Posted in Blog

Ways I Hid Learning in Kid-Approved Activities

Our school district has made classwork available for the kids since after Spring Break and throughout the summer. I’m very appreciative of the educational support, but less for the worksheets and more for the learning objectives. I use those to figure out what topics to incorporate. I have been looking for ways to integrate key concepts from PreK and 1st grade into our daily fun as a way to spend time together. It’s all part of my strategy to get them sick of spending time with me so I can work later in the day. Here are some of our favorites.

Writing Journal

We started with a blank journal where the kids could write about whatever they please, but I quickly learned that my now rising second grader performs better with more direction. To help with this, I wrote prompts at the top of each page. “What makes a good friend?” “What is your favorite flavor of ice cream? Draw it.” “If Batman and the Hulk battled each other, who would win?”

Flashlight Word Search

I printed flashcards of sight words and other vocabulary the kids are learning and hid them around their bedroom, turned off the lights, and had my little ones hunt for them. Once they found one using a flashlight, they had to read it to me.

Mr. 4 year old was really into this one.

Math Jump

I want the kids to be able to solve basic addition and subtraction problems quickly to help with higher-level math in the future. To practice, I give them two minutes to answer questions and get across the room. For each right answer, they take a step forward. For each wrong answer, they step back. You have to beat the clock, not your brother. This one was a huge hit!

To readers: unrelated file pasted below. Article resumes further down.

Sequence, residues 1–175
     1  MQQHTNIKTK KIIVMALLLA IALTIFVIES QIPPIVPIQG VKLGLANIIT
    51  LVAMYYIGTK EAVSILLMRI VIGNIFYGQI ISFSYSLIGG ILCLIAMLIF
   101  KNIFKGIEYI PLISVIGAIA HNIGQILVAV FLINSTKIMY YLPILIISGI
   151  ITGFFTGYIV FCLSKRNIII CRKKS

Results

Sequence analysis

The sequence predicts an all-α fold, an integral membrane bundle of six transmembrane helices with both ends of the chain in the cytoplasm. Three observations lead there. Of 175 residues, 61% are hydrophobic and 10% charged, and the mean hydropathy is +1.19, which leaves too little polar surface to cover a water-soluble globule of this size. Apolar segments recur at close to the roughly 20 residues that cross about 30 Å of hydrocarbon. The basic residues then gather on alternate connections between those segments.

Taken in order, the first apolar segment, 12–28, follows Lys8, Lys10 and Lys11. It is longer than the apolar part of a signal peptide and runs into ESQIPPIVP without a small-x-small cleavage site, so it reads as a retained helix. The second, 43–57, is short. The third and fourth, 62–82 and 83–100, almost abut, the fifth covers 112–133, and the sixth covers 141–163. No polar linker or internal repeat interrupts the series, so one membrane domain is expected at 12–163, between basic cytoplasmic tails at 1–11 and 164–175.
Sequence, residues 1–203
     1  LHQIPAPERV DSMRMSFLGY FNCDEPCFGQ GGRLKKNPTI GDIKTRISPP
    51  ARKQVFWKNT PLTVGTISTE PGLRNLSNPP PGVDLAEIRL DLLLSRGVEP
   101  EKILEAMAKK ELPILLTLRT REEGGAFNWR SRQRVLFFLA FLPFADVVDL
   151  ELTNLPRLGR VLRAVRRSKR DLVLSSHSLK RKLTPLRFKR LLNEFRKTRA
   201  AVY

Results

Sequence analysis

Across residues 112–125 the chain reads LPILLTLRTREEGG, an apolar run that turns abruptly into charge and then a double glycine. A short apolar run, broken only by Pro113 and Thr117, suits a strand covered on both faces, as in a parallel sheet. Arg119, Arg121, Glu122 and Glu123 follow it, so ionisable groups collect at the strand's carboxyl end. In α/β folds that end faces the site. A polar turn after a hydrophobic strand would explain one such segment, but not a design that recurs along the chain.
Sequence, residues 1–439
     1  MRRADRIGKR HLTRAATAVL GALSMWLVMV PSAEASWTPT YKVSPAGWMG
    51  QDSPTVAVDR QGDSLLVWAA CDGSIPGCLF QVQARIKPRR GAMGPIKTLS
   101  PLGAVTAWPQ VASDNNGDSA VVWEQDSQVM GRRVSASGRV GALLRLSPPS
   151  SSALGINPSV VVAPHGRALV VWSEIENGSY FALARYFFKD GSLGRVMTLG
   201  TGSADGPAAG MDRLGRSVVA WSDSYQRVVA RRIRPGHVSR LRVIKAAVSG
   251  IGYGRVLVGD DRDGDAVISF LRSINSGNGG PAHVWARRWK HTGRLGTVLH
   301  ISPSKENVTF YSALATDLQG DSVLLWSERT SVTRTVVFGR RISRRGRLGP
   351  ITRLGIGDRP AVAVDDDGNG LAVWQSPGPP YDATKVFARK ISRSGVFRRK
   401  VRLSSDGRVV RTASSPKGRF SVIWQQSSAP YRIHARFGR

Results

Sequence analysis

Sight Word Toss

I used chalk to write a dozens of sight words on the driveway, then gave each kid a bean bag. They had to toss the bag onto a word, read it correctly, and then they’d earn points. They tracked their points in chalk on their claimed part of the driveway. By the end of it, Mr. 7 year old was adding his own words to the game board, so he was practicing writing and spelling too.

Nerf Blaster Phonics

I’ve played this game several times a couple of ways, and it is often requested. Basically, I put sticky notes on the wall and directed the boys to find what I said and blast it. Sometimes I ask them to find a particular letter, a letter based on a given sound, letter blends, or whole words.

Blasting alone is award enough. No need to award points with this game.

Find My Errors

Mr. 7 year old loves this one! I write a couple of sentences and purposefully make mistakes that he has to find. I misspell words, forget to capitalize, or use the wrong punctuation. It’s something about finding mom’s mistakes that makes this really intriguing, I guess.

LEGO Challenges

Mr. 4 year old has done this one several times independently. I give them their LEGO bin and present them with a challenge. My favorite one was when I had Mr. 4 year old build a tower taller than his water bottle that holds a plastic egg. He technically met the requirement by adding a skinny pillar on the tower to push it over the height requirement.

The angle is off here, but his orange and white pillar pushes his truck over the minimum height requirement.

Don’t be fooled though. We don’t do these activities every day, and there is PLENTY of screen time built into each day so we can survive conference calls and work emergencies. These activities were just the favorites we’ve played over the last four months.